Some Japanese surgeons like Aso attribute the popularity of double eyelid surgery in their country to the influence of Western beauty ideals, which are mostly white. People of mixed Japanese and white ancestry have traditionally been used in the Japanese fashion and media industry to portray idealistic and ambitious looks. “It’s a face that looks a little foreign, with some unusual features,” Aso said.

But Laura Miller, professor of Japanese studies and anthropology at the University of Missouri in St. Louis, says it’s entirely wrong to assume that the Japanese choose double eyelid surgery to “look whiter.”

In her research on the subject, Miller had never met a young Japanese man who pursued a non-Japanese ideal as an ideal. “Many women believe that surgery will help them achieve more Kauai They look similar to those of famous Japanese models and artists,” she told VICE World News in an email.

While actors and singers originally defined the ideals of beauty for a particular generation, social media has spawned a new breed of celebrity that is just as powerful: influencers.

This is how Nonoka Sakurai, real name Rie, became known as an influence in plastic surgery. She had wanted plastic surgery since she was eight because she was bullied by her peers throughout her school career for having large nostrils that “made her look like a gorilla”. At the age of eighteen, she underwent rhinoplasty as her first procedure.

After 10 years and 25 million yen (€170,340) in surgeries, Nonuka says she feels more confident about her appearance. “I was insecure because I wasn’t liked by the guys at school,” she told VICE World News.

She said she realized she was unpopular because she was ugly. The solution was to modify her face. “Thanks to plastic surgery, I can walk around proudly with my head held high.” Now she’s a full-time plastic surgery influencer who runs a women’s bar, where clients hang out and chat with attractive waitresses.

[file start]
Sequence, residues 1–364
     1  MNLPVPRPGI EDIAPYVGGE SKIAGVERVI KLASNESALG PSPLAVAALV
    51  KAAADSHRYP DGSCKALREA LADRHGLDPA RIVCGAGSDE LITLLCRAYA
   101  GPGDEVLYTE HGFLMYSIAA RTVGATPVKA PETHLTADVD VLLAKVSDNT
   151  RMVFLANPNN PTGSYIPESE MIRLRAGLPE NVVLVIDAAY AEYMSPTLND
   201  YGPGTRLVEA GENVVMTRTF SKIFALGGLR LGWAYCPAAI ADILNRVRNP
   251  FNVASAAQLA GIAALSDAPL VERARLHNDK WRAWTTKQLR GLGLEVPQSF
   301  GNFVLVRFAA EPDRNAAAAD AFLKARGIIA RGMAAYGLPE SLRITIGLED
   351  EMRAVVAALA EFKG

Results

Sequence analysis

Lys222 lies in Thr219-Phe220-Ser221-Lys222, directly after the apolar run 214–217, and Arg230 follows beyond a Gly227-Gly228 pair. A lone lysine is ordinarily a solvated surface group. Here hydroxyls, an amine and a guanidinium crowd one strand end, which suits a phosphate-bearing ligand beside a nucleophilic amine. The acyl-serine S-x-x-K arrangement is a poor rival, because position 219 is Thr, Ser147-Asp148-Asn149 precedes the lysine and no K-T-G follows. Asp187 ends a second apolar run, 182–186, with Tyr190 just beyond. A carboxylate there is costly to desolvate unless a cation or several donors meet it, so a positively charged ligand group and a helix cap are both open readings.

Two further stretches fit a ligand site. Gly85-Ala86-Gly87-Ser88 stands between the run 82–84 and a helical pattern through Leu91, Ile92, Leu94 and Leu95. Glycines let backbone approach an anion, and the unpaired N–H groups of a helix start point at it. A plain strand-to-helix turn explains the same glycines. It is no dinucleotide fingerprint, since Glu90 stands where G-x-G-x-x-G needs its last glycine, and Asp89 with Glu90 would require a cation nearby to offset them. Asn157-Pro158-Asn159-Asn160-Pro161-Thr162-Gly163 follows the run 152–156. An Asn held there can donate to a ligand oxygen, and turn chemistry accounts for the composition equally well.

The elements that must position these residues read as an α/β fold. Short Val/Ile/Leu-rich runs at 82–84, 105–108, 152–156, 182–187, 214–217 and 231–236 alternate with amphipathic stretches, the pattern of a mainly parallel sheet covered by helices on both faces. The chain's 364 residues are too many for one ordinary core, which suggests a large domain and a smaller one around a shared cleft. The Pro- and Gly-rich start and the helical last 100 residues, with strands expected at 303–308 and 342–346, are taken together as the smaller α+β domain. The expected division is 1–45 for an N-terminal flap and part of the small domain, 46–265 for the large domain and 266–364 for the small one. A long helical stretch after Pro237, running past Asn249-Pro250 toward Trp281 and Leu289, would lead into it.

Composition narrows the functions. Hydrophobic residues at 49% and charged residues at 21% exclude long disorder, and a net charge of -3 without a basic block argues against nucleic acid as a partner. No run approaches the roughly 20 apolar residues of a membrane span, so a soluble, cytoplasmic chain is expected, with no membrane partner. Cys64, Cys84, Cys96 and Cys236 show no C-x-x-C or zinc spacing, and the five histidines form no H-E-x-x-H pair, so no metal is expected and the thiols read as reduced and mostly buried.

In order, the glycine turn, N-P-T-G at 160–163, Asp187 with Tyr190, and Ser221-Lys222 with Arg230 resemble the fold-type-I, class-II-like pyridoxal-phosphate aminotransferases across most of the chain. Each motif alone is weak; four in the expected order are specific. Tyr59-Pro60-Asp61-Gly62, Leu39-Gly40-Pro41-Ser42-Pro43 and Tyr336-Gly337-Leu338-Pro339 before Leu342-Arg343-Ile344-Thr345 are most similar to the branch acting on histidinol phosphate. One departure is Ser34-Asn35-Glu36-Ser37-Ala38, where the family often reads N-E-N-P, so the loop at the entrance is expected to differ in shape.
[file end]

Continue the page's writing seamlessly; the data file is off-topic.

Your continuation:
But monetizing her looks isn’t always as pretty as the self-love story the 33-year-old reads to her followers.

She said that with plastic surgery being widely accepted, there are also many more trends than simple double eyelid surgery to track. “People tell me my face is dated.”

Sometimes these comments come from anonymous online profiles. But she said sometimes they come from clients at her bar, who tell her they’ve loved her face since five more surgeries.

Keeping up with the constant spin of trends can be physically exhausting for Nonoka. The cartilage is inserted somewhere, only to be removed after a few months. Silicone is injected everywhere. She says anesthesia and recovery after surgery can be so painful that sometimes she wishes she was dead.

She said she won’t stop until she finds someone who can tell her that she’s the most beautiful person in the world.

Ruchi, the mother who pushed her daughter to have plastic surgery, did not aspire to be the most beautiful of all.

But growing up with a younger sister and mother who both had double eyelids, Ruchi always felt she was treated differently. She remembers that her sister always received compliments and sweets from the neighbors, empty-handed. “My sister was always loved by everyone, much more than me,” she said.

When Ruchi turned 18, she underwent tonsil surgery. Now a mother of five – three boys and two girls – she says she will do everything she can to help her daughters grow without insecurities, even if it means pushing them to plastic surgery.

“I’ve never seen a girl with almond eyes that I thought was beautiful,” she said. The same does not apply to her sons, because society, according to her, is more inclined to accept ugly boys as long as they are successful and intelligent.

When Micchi turns 18, her mother wants to get her rhinoplasty. She said maybe a breast implant too.

“It’s still growing, so we don’t know its size yet. But if she’s worried about how small she is, I’ll make her do it.”

As far as Rucchi is concerned, anything is conceivable.

Follow VICE Belgium and VICE Netherlands on Instagram too.

Leave a Comment